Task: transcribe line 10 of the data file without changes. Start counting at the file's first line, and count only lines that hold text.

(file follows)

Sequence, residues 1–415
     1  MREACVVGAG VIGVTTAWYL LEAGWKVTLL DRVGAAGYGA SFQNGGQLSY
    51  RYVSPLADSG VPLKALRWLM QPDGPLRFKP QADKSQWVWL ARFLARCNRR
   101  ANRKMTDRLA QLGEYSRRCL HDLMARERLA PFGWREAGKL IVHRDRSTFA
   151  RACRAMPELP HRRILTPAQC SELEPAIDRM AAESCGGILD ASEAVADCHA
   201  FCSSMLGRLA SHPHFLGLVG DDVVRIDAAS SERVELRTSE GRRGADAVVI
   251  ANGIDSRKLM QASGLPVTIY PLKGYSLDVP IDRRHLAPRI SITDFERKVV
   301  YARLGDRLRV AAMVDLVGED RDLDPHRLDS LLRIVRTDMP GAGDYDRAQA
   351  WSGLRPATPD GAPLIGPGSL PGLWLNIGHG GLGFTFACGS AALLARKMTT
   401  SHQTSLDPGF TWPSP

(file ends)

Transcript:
   401  SHQTSLDPGF TWPSP